Text and Photography by C. Asaravala,
Back in late 1999 when we were putting together our "Head
to Head" article, comparing virtually all of
the small-block Ford (SBF) cylinder heads on
the market, there was one cylinder head that we were not
able to procure. The SBF Air Flow Research (AFR) head,
at the time, was nothing more than a few prototypes on
the trade show circuit. In fact it was our initial discussions
with Rick and Scott Sperling (AFR founders) that prompted
our massive head shootout. The Sperlings were so confident
their heads would substantially out flow and out perform
the competition, that they were jumping at the chance
to prove it in an independent article. Unfortunately production
issues kept delaying the release of the AFR 165 and 185
heads, and we, like many others, wrote the heads off as
Well it's now 2003, and the production problems that delayed
the release of the AFR heads has long been resolved, and
thousands of sets of 165 and 185cc heads have made their
way into the hands of some very happy owners. Remarkably,
we haven't heard a single complaint in how they perform.
In fact the buzz has been so overwhelmingly positive,
we decided it was time to reopen the case and examine
a set for ourselves.
We obtained a set of AFR 165 heads, and had them tested
on a flow bench. We then compared the numbers against
the all the heads we ran back in the original article,
just to see how this head fares with the competition.
However, something we didn't do in the first article,
that we attempt to do here, is explain some of the theory
behind what makes a powerful cylinder head.
Street and Strip
Peruse through any manufacturers or retailers
catalog and you quickly see two general categories of
SBF heads, "street" and "strip". The
terms street and strip are subjective.
What constitutes a strip engine to one, would fall short
as a street engine to another. We simply use these terms
to identify the two major categories of small block Ford
cylinder heads offered in the after-market.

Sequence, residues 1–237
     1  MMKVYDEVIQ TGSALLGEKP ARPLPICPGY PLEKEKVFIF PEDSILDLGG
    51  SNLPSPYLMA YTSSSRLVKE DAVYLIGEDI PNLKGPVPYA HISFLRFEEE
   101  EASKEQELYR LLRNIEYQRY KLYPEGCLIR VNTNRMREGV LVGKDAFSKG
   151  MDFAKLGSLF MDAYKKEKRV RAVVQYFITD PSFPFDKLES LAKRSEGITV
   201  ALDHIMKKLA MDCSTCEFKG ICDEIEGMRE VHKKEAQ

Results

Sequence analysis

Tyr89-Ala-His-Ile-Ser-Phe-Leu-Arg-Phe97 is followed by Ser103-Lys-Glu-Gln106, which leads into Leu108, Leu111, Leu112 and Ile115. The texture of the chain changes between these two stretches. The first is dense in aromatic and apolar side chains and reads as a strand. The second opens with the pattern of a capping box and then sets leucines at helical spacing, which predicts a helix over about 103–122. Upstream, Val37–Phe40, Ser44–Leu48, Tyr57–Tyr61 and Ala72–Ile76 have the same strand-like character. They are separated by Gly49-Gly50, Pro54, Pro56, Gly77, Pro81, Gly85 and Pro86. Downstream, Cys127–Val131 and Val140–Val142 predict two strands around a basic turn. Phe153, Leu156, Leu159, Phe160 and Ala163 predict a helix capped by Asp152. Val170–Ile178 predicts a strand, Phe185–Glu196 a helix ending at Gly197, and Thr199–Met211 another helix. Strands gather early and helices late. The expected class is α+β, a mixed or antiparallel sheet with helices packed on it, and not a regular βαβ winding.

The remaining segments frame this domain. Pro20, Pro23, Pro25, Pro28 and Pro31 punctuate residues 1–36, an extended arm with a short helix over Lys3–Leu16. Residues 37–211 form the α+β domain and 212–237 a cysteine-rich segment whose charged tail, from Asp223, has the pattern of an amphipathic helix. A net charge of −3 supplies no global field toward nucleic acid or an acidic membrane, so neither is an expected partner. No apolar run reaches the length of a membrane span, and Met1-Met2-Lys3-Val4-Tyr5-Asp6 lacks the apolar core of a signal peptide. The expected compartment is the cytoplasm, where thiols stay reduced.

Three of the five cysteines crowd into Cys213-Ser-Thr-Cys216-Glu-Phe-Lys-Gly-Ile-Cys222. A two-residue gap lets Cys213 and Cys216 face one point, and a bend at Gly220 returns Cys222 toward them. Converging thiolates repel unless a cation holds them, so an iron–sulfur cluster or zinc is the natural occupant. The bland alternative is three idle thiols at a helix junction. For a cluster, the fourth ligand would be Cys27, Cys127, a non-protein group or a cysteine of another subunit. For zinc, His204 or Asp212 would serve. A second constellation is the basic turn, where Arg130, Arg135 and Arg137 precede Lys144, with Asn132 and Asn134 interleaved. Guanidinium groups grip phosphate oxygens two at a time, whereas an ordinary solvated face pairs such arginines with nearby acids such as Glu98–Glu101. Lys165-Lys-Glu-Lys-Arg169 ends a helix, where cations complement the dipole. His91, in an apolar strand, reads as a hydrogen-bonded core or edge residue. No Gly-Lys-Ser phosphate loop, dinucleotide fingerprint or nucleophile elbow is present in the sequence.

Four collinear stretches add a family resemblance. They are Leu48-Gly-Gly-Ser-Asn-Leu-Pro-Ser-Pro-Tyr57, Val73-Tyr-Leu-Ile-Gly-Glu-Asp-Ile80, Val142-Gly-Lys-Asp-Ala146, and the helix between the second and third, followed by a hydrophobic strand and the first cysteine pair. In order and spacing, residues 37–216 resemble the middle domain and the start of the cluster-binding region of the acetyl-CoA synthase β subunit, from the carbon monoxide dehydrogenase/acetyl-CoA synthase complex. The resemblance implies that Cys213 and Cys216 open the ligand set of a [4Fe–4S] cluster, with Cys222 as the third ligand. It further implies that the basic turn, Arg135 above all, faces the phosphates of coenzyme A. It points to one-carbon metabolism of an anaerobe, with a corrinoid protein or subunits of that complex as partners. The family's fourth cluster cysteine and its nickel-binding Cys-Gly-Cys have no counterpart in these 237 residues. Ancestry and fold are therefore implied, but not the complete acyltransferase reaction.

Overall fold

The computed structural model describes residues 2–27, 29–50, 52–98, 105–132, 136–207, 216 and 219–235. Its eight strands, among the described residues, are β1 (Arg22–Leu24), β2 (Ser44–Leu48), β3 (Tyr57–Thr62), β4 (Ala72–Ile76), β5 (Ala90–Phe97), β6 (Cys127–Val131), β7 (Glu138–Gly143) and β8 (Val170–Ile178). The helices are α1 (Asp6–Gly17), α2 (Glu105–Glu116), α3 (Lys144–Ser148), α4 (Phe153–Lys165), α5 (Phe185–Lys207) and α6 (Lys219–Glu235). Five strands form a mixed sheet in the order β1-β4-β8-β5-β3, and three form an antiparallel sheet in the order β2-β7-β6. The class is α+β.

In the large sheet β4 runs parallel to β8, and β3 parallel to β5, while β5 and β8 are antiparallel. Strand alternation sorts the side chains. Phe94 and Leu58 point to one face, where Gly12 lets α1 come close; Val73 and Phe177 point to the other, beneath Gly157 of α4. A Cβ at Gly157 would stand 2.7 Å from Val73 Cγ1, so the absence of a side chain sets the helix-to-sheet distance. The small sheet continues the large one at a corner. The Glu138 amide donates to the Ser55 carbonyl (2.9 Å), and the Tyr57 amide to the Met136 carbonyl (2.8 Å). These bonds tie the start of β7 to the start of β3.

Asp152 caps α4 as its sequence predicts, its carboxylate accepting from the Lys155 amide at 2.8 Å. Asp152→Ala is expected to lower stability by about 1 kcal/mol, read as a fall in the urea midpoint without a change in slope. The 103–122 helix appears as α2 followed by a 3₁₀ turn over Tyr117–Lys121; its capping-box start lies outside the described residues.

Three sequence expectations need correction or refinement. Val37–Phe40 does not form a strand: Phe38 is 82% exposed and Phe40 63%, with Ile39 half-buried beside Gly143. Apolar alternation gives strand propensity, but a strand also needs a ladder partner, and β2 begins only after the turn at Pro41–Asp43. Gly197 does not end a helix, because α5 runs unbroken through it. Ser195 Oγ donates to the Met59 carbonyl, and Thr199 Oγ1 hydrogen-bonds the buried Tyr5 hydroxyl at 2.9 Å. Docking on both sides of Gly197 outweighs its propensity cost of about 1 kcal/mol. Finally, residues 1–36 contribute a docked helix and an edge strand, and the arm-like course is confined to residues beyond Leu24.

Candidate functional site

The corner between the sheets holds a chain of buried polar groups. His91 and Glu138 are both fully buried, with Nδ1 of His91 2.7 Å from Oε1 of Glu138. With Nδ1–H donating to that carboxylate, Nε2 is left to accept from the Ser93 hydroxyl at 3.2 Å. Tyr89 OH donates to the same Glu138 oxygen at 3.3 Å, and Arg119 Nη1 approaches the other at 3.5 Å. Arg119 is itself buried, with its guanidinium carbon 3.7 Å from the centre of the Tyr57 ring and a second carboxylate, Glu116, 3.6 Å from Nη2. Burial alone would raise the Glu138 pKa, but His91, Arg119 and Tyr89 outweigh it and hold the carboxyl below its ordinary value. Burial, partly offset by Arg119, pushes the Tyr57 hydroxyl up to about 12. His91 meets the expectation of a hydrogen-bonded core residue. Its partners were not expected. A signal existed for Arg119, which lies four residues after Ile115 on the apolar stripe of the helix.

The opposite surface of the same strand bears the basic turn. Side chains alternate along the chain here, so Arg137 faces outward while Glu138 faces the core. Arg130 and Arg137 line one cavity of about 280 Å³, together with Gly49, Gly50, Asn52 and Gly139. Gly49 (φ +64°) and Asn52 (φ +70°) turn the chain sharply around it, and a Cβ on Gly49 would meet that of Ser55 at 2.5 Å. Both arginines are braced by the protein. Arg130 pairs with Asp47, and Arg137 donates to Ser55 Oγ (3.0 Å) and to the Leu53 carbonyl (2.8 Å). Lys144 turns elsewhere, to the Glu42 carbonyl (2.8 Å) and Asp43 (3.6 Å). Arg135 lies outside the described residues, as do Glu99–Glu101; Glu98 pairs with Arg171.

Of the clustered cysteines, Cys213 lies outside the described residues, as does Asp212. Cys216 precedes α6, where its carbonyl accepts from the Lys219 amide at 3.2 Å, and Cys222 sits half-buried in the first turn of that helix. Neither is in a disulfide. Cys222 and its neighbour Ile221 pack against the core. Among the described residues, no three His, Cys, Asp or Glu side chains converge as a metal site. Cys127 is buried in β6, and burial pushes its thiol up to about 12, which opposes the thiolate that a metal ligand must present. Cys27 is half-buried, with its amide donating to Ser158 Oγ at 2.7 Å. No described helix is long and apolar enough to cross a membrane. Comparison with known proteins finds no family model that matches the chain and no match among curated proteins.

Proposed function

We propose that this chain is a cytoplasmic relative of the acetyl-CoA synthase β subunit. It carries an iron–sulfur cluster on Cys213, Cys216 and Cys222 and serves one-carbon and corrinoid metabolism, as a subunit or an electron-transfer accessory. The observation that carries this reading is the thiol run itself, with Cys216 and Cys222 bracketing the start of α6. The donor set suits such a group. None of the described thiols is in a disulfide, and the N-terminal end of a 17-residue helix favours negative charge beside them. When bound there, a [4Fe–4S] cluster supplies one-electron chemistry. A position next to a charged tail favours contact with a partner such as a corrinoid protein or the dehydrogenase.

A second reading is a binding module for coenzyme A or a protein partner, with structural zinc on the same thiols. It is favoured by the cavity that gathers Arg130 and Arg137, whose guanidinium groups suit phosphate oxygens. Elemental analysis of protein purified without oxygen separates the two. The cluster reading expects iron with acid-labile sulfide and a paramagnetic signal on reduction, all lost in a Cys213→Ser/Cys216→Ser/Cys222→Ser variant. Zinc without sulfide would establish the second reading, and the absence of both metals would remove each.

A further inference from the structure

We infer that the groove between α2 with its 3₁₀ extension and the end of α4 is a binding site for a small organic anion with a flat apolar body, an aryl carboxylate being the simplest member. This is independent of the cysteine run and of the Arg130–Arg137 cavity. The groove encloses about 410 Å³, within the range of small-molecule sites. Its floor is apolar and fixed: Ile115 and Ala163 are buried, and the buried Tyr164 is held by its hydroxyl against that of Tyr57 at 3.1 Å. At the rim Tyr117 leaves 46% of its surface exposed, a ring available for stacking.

These two categories are determined for the most part
by one thing, the size (volume) of the intake runner
- the tract through the head in which the air and fuel
mixture travels towards the combustion chamber. Heads
with 170cc - 190cc intake runners tend to fall into
the "street" category, while those with 190cc
to over 200cc are considered "strip".
Along with the runner volume comes valve sizes, although
here the distinction is not always consistent. Most
manufacturers use a 1.90", 1.94" or occasionally
2.02" intake valve on their street heads. The strip
heads tend to use a 2.02" to 2.08" intake
The exhaust side of the head tends to stay fairly consistent
regardless of the category or manufacturer of the head.
Most all SBF heads use 1.60" exhaust valves, and
between 60-66cc exhaust runner volumes. Some of the
larger strip heads use as much as a 70cc exhaust valve.
The intake runner volume and valve sizing is perhaps
more critical to the size and rpm range of the engine
than it is the street or strip use of the engine. It's
a fair assumption that the "street" heads
are best suited for 289, 302 and up to the milder 347
stroker engines. The larger "strip" heads
are good candidates for high-revving small blocks, or
347, 351 and 351 based stroker engines. Naturally there
is a lot of overlap here, but experience shows these
rules tend to hold fairly well.
Note that for the sake of simplicity we're not concerning
ourselves with the effects of porting. A professionally
ported street head can often match or exceed the performance
of a strip head. This article covers only "out
of the box" heads.
So far we have talked about runner volume, and we
have generally categorized small-block Ford heads into
two categories, street and strip, based on intake runner
volume. Now we need to go one step further to understand
the meaning of volume.
The volume of a cylinder or tube (i.e. the runner )
is measured using the formula V=L x pi x (r x r). Where
L = length, pi = 3.14, r = radius (half the cross section.)
Keep in mind a runner is not a perfect cylinder due
to it's complex shape, and this formula is just used
In this equation we can see that the volume is affected
by both the length of the runner, and the radius (half
the cross-section). A 170cc volume
across a 2" long runner would have an average cross-section
across the runner, that is twice that of the same volume
in a 4" runner.
For the most part the "street" aftermarket
Ford heads do not vary significantly in runner length.
This is because in order to make a "bolt on"
head the aftermarket has to restrict their designs based
on the stock head and engine architecture. Significantly
increasing the length of a runner requires changing
where the intake and exhaust ports are located. Typically
such modifications are reserved for "strip"
or race heads, where modifications to the intake and
exhaust manifolds is not of concern.
In general, a longer runner and smaller average cross
section will promote better velocity at low rpms, which
translates to more torque, better fuel atomization,
and crisper throttle response- all the ideal characteristics
of a street car. Larger cross-sections, and shorter
runners, yield better top end power. However because
the majority of steet heads on the market only vary
by 20cc or so in intake runner volume, it is hard to
tell which one will perform the best. To do this we
need to look at flow data.